For further information, please visit the conference website.

What might it mean to consider the ways in which connections are foreclosed, desires for union left unsatisfied, communications disrupted? A "missed connection" might be as intimate as a brush with a stranger or as literal as a dropped phone call or departing plane; it might be a forgotten or neglected history or genealogy. "Missed Connections" seeks to foreground failures or absences of connection across disciplines and methodologies. We hope for briefs against perfect transmission, network theory attuned to the gaps in coverage. We are also interested in fields of study that might come into focus for being "unconnected": the rural, the isolated (geographically and historically), the illegible, the strange/estranged.

Keynote Speaker: Laura Otis (Emory University)

Engendering Reception: From Penelope to Atwood's Penelopiad

University of Toronto, April 24-25 2010

Preliminary notice:

The Classics Graduate Student Association of the University of Toronto invites abstracts for a graduate conference on the theme Engendering Reception, to be held in Toronto on April 24-25, 2010. Our keynote speaker will be Susanna Braund, Canada Research Chair in Latin Poetry and its Reception, University of British Columbia.

This conference aims to consider the role gender plays in reception both within antiquity and beyond. What does it mean when Catullus and Horace imitate Sappho? How are epic heroines and villains portrayed in other genres? How is gender played out in later imitations of Greek and Roman literature (e.g. Racine's Phedre)? What are the issues facing contemporary women writers (such as Margaret Atwood or Anne Carson) who deal with classical topics? Our conference hopes to explore these questions, as well as more broadly theoretical issues.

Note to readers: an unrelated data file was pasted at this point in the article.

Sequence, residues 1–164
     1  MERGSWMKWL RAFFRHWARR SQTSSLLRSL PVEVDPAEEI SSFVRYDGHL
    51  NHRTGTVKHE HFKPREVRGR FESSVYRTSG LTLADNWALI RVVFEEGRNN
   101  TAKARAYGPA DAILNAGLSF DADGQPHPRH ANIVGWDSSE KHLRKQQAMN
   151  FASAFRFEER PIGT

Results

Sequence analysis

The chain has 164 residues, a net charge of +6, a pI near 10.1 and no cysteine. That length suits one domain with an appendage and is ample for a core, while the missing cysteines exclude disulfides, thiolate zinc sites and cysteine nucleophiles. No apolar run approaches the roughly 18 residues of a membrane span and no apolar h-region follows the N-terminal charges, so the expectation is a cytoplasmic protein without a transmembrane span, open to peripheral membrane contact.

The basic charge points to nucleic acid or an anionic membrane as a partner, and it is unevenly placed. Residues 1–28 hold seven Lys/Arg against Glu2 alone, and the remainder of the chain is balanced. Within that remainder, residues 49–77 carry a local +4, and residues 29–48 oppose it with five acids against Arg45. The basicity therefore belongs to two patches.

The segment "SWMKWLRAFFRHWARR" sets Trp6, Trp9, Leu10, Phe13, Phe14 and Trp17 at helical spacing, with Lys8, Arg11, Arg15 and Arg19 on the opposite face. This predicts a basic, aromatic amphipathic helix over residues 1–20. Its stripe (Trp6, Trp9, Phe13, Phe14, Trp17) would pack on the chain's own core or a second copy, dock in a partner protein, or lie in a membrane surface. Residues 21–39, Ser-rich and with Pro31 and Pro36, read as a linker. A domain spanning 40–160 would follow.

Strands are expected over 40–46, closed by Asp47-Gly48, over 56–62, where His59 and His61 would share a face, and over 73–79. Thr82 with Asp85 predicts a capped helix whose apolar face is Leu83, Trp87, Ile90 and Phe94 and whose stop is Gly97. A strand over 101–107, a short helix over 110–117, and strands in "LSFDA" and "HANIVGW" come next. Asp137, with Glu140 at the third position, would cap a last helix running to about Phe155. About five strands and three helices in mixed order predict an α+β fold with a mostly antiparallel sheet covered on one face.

Potential topics could include, but are not limited to:
+ Intertextual heroines in antiquity
+ The reception of female authors in the ancient world
+ The use of a "female voice" by male authors
+ The interaction of historical and literary female characters
+ Women and the history of classical scholarship
+ Women and the acquisition of Classical education in the 19th and early 20th centuries
+ Gender and the contemporary reception of the classics

We welcome submissions from students of all areas of classical studies, as well as students from other disciplines, including art history, history, archaeology, philosophy, comparative literature, religious studies, women's and gender studies, drama, and politics.

A conference website will be set up shortly, and interested students are invited to join the conference's Facebook group: http://www.facebook.com/group.php?gid=112388917878

This is a preliminary notice. A call for papers and a submission deadline will be circulated in the fall. Queries and indications of interest should be directed to the conference coordinators:
Cillian O'Hogan, cillian.ohogan@utoronto.ca
Melanie Racette-Campbell, melanie.racette.campbell@utoronto.ca